In late 2010, at Web 2.0 Summit Google VP of Product Management Susan Wojcicki spent just under 15 minutes presenting new services that Google had recently released (video here) to make the upcoming holiday experience a more enjoyable experience both for shoppers and advertisers. Although much of what she demoed was very interesting, the most telling bit of information was what she shared to set the stage.
According to her research, 42% of in-store sales are influenced by online shopping searches. I think you would agree that’s a pretty significant number, but even more surprising was what followed. Susan shared that 7% of purchasing is currently done online while 93% is still done at physical store locations. That number is quite staggering. Considering the billions of dollars spent online each year, there is still plenty of pie left for brick and mortar businesses to have their fill. That is why Google, Facebook, Apple, Paypal and others are lining their crosshairs on not just one target, but three!
The worlds of mobile, social, and location based technology is on course to converge into a powerhouse platform for businesses to use online to drive consumers to local businesses. Last year, Google alone says they say a 30 x increase in mobile shopping queries. As Susan subtly mentions, internet enabled phones enable shoppers to be both online and offline at the same time. This is why, in October 2010, Google made an important move by moving one of their savviest executives, Marissa Mayer, into the lead role as the Vice President of Location and Local Services. With Google since 1999, she filled the important role of Vice President of Search Product and User Experience. That move alone shows how important Google sees that 93% of the pie.
Last January Facebook, the name probably most closely associated with social, made a statement that mobile would be their focus for their platform during 2011. This of course ins’t to make it easier for us to update our status on the go. It is because they understand that, with such a strong social presence, their vulnerability lies in their ability to quickly enhance the location based services. This can only be done by making a rockin’ mobile platform that goes way beyond simply mimicking what the website does.
There are a number of influence points that the previously mentioned companies are trying to become your go-to resource for:
- Availability: Is the product available in the store right now?
- Proximity: How close is the desired product/service?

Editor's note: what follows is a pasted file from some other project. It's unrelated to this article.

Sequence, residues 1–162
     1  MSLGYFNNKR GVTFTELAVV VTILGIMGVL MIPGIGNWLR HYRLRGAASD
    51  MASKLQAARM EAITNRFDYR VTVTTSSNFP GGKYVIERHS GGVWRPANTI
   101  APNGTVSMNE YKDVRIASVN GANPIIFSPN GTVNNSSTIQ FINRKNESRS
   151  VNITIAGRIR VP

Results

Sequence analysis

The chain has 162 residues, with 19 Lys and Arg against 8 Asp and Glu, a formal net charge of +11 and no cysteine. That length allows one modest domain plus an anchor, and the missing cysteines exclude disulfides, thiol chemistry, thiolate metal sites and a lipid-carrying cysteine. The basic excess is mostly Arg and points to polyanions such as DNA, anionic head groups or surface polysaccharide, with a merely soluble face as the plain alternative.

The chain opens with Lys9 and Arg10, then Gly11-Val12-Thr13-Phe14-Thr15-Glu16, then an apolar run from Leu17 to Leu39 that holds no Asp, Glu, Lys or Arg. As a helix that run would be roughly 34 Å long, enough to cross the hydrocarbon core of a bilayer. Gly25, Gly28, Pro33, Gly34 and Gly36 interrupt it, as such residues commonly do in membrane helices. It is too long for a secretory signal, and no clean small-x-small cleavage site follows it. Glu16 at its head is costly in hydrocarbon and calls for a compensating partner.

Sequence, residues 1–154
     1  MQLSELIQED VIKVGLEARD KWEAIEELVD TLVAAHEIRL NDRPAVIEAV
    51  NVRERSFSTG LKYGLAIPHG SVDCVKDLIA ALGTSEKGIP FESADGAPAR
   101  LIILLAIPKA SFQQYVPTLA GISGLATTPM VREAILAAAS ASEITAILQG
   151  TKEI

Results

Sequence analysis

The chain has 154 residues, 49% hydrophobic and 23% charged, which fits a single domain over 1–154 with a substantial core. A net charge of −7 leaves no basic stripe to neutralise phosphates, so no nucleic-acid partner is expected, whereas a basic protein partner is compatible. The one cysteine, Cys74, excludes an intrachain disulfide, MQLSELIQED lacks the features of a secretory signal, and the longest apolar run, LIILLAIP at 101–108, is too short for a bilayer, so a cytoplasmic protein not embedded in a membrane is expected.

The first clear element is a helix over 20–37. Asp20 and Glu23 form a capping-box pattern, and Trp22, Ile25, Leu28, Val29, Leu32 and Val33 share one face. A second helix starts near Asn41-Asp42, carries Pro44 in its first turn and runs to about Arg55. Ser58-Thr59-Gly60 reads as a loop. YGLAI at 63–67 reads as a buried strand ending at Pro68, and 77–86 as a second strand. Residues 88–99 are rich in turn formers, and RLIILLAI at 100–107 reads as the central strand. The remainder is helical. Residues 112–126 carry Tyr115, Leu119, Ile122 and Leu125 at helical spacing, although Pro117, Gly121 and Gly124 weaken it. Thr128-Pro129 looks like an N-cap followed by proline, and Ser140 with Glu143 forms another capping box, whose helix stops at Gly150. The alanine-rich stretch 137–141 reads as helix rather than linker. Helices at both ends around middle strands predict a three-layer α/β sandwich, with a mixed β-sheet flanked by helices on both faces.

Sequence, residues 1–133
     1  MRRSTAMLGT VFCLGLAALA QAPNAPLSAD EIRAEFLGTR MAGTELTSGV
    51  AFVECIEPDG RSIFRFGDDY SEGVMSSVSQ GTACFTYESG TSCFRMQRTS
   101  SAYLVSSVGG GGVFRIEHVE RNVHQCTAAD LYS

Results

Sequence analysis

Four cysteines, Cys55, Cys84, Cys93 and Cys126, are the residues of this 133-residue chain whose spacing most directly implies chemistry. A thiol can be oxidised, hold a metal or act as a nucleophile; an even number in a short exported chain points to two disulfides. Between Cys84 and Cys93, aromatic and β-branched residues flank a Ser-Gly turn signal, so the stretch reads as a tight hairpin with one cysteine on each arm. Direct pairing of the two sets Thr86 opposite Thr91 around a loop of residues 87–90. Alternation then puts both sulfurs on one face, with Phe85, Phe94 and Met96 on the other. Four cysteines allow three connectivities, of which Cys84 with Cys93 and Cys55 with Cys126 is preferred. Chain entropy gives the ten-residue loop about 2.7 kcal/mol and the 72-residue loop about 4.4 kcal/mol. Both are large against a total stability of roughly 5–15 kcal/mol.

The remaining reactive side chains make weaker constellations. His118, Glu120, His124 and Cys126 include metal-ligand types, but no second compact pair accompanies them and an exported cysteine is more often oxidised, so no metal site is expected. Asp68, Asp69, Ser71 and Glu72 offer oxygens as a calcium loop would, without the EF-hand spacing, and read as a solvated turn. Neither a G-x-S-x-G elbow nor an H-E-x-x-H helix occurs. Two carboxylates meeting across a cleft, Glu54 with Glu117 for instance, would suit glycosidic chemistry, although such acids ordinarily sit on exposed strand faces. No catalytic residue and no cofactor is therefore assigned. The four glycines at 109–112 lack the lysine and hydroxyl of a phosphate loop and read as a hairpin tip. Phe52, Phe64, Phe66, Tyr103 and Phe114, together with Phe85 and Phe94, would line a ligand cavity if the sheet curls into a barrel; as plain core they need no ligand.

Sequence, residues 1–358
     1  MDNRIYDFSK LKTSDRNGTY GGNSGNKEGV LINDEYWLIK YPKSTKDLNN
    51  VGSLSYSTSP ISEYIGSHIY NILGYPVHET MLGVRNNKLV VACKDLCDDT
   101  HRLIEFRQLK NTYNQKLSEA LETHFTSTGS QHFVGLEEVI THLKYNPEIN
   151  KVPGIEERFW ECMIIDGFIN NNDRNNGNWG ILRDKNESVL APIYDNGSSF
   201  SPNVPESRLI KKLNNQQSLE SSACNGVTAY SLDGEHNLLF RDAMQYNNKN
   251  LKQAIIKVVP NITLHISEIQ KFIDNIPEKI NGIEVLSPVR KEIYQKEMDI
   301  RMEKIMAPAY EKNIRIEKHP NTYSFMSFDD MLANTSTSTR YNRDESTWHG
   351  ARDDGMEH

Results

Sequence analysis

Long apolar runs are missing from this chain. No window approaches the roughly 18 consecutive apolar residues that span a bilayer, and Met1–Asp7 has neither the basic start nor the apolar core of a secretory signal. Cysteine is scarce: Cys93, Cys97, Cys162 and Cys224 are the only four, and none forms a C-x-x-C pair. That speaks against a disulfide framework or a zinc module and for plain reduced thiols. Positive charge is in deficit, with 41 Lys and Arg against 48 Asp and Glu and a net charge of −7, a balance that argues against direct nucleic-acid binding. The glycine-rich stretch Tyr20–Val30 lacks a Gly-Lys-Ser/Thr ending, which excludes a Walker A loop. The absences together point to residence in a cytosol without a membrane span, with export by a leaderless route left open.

- Price: Which store around me has the best price?
- Transaction: Which option provides me the easiest, quickest shopping experience?
Social will play an ever increasing role in how guyers spend their money within that 93%. The influence that friend and families have to sway purchasing decisions is immense and grows proportionately as social media penetrates into mainstream society.
Here is a taste of what social can add to the equation:
- Social Recommendations: What do my friends have to say about this business, product or service.
- Social Reviews: What does the crowd have to say about the product or service I am interested in.
- Social Incentives: Get perks and discounts for social interactions like checking in, becoming the mayor, etc.
- Social Discovery: The experiences of my connections and others with similar interests become visible when I interact with things around me.
Much of what social can do to influence buying decisions has been happening for at least a couple years, but on your desktop/laptop computer. Always connected, location aware, mobile devices open the playing field in ways that marketers are only recently starting to understand.
Learning to be “Social-Loco”
So what’s next? Well today, May 5th, I will be attending “Social-Loco: the convergence of the social web, mobile and local-business“. Some of the best and brightest in the industry will be speaking including the previously mentioned Marissa Mayer from Google as well as executives from Groupon, Facebook, Microsoft, Foursquare and more. I am also happy to be participating as a panelist during the session titled “Back to the Future: reinventing brand loyalty”. I look forward to sharing some of the most insightful findings from the event. Stay tuned.